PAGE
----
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  • Prospects for the Philippine Economy under the Duterte Presidency
  • Bernardo M. Villegas (bio) and George N. Manzano (bio)

President-elect Rodrigo Duterte is an enigma. Considered as an “outsider” in the current political structure, with meager electoral machinery at his disposal, he nevertheless confounded critics with a landslide victory on 9 May 2016. Unlike the other presidential candidates, Duterte’s campaign was short on concrete economic policies, but long on areas that touched a sensitive chord with the citizenry: stamping out corruption; restoring peace and order; eliminating drugs (which he considers as the scourge of society); and exercising decisive leadership. Now that the electoral dust has settled, it is time to examine what type of economic order one might expect from a Duterte presidency.

The first major point to resolve is where to position Duterte on the political spectrum, as this will influence his economic policies. Prior to the elections, presidential candidate Duterte shocked members of the Makati Business Club — a forum composed of senior executives of the leading business corporations in the Philippines [End Page 197] — with a rambling speech replete with expletives, but with little content about the economic policy that he would follow if elected as president.1 During the campaign, he referred to himself as a “socialist”.

How real this “socialist” streak is could be revealed through an examination of Duterte’s accomplishments when he was mayor of Davao City. Davao entrepreneurs waxed lyrical about how business friendly their mayor of some twenty years had been. He not only transformed one of the most violent cities in the country into a very peaceful community with low crime rates, but he also significantly improved the business climate by shortening the time for securing all types of business permits, getting rid of corruption in the bureaucracy and significantly improving the city’s infrastructure. Thus, his many years of experience of respecting market forces and the human rights of individual economic initiative contrast markedly with Duterte constantly referring to himself as a “socialist”.

Given his track record, Duterte was in truth and in deed not a socialist but a social democrat along the lines of the social market economy of the former Federal Republic of Germany. As Carlos Dominguez III, the presumptive secretary of finance under the Duterte administration, announced the eight-point economic agenda that Duterte intends to pursue, it became clearer that Duterte is far from being a socialist.2 He has no intention of nationalizing strategic industries, distributing private lands to small farmers, or increasing substantially both the fiscal deficit and national debt of the government, as did the most recent socialist governments of Greece, Venezuela, Brazil and up to recently Argentina, bankrupting their nations and drastically increasing the misery of the poor in their respective countries. On the contrary, Duterte wants to continue implementing the very prudent macroeconomics policies of his predecessor, President Benigno Aquino III, which leftists are referring to derisively as “neo-liberal”. Duterte wants to remove the restrictive economic provisions in the 1987 Constitution in order to attract more foreign direct investments. He also wants to involve more private participation in the construction of infrastructure projects by removing bottlenecks in the implementation of the Public Private Partnership (PPP) programme, an arrangement for funding and managing a public infrastructure project between a government unit and the private sector. These are all market friendly policies that are far removed from conventional leftist economic sentiments.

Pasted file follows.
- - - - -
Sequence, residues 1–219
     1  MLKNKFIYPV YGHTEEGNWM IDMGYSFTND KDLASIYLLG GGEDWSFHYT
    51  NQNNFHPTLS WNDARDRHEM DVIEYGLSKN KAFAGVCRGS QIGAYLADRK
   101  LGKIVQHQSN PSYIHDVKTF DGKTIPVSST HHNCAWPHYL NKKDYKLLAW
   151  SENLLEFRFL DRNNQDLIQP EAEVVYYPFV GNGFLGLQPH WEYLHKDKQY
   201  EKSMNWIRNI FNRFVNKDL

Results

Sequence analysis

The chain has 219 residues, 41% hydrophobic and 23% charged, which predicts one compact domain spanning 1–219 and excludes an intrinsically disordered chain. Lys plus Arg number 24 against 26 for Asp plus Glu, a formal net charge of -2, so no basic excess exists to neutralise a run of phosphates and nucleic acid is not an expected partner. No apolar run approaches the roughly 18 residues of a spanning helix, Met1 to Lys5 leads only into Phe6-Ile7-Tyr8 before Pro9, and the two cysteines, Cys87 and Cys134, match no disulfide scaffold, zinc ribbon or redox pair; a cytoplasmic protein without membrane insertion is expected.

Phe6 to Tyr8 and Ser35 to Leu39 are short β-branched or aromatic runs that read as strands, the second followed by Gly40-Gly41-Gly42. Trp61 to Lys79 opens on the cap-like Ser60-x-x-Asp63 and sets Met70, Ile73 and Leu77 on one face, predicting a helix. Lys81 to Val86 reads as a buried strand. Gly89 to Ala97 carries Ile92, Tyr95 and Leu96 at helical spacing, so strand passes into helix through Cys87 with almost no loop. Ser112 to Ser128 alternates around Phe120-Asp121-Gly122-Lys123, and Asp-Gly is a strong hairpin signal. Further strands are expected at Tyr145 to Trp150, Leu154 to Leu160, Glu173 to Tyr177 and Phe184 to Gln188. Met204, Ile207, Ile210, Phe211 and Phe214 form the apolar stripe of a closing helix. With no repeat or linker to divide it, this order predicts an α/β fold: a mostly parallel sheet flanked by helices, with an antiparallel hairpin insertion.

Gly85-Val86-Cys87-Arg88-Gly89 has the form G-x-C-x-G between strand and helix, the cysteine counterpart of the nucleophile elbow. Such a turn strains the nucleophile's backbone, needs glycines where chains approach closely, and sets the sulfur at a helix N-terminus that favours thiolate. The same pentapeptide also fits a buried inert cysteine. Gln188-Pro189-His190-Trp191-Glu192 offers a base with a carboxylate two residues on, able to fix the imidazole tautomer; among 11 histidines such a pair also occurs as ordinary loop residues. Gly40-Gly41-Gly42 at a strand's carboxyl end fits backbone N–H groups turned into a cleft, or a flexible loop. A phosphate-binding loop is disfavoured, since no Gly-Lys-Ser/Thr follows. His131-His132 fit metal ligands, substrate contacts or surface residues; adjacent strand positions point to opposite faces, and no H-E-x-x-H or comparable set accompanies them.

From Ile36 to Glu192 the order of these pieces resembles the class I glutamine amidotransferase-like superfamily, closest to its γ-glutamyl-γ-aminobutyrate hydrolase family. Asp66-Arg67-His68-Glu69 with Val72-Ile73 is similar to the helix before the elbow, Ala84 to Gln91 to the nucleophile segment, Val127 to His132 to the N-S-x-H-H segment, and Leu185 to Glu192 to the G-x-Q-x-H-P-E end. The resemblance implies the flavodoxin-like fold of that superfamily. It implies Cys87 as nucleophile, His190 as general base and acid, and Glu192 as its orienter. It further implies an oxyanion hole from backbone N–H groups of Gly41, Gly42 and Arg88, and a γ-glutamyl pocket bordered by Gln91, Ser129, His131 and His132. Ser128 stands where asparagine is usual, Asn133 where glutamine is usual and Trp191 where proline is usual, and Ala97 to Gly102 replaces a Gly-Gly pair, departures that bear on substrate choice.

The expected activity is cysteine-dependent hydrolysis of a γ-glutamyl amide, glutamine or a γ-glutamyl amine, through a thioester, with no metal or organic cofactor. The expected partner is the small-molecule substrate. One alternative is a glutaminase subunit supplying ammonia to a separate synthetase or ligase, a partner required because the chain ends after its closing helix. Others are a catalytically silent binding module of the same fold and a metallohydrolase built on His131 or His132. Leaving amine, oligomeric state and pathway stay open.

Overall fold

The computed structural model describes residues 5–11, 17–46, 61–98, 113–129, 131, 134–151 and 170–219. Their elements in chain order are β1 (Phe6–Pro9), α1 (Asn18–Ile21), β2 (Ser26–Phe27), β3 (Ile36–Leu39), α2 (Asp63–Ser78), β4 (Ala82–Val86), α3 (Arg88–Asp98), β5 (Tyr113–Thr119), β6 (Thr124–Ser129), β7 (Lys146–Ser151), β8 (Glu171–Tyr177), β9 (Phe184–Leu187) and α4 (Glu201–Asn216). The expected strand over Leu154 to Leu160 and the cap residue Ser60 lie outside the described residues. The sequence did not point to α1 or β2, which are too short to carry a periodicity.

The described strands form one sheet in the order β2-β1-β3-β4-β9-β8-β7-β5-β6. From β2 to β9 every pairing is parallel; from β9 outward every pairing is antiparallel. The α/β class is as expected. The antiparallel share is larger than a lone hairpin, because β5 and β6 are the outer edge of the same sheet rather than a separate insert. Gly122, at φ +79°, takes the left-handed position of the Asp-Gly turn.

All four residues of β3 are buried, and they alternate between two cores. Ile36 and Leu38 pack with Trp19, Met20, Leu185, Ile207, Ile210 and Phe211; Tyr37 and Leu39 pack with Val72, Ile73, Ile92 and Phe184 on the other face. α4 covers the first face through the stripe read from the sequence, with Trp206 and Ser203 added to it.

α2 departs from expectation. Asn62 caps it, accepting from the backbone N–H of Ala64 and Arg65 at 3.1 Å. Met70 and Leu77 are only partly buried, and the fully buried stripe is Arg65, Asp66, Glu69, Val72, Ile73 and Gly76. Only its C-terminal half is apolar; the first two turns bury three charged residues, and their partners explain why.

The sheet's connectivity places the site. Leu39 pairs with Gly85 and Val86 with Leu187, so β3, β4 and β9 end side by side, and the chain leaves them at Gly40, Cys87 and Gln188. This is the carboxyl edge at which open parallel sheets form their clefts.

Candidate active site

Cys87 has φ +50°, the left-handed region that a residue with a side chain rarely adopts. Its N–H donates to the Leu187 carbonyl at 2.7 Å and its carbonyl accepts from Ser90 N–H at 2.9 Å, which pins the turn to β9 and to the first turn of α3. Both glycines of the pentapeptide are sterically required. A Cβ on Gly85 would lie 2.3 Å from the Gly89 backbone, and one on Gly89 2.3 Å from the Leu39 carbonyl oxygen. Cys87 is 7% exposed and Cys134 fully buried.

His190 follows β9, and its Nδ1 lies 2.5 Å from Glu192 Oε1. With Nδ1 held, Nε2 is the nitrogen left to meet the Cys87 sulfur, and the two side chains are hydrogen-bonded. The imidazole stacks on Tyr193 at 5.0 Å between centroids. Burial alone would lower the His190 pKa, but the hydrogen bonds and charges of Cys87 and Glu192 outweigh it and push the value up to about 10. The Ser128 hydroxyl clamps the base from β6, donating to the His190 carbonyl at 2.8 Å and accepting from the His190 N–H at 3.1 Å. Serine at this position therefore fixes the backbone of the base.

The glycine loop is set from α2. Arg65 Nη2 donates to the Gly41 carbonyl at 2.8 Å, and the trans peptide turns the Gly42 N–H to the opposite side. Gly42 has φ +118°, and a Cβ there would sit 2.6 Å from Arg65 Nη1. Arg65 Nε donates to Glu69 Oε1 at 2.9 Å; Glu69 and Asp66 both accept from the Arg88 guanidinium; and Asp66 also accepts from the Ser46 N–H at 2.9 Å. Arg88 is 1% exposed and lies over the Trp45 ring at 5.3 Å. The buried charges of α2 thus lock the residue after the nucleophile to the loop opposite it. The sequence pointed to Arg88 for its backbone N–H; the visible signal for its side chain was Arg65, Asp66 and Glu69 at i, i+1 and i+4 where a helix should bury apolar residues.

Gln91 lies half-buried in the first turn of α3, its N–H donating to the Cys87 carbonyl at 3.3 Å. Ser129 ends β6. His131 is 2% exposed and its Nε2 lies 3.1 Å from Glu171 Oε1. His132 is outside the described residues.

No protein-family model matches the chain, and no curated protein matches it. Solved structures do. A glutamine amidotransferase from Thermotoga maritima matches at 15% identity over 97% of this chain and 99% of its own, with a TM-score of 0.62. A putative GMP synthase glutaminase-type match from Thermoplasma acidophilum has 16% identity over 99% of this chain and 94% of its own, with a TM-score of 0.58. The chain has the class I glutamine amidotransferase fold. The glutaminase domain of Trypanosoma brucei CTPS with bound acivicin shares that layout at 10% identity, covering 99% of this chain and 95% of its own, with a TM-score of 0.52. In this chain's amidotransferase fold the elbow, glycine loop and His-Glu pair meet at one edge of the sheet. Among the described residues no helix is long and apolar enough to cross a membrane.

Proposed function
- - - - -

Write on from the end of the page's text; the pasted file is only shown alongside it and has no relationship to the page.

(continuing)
Duterte, however, does not believe in the absolute monopoly of the market. Very faithful to the principles of a social market [End Page 198] economy, he firmly believes that the government has to be strongly interventionist in areas where the market fails. The state must be responsible for keeping peace and order, administering justice, constructing public works and delivering social services especially to the poor. In essence, Duterte wants to focus on establishing the necessary conditions for sustainable social and economic progress. He wants to pursue a genuine agricultural development strategy that will depart from the simplistic approach of land redistribution. Furthermore, he wants to focus on providing support services to the small farmers who have been the beneficiaries of the first phase of agrarian reform introduced by former President...


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pp. 197-201
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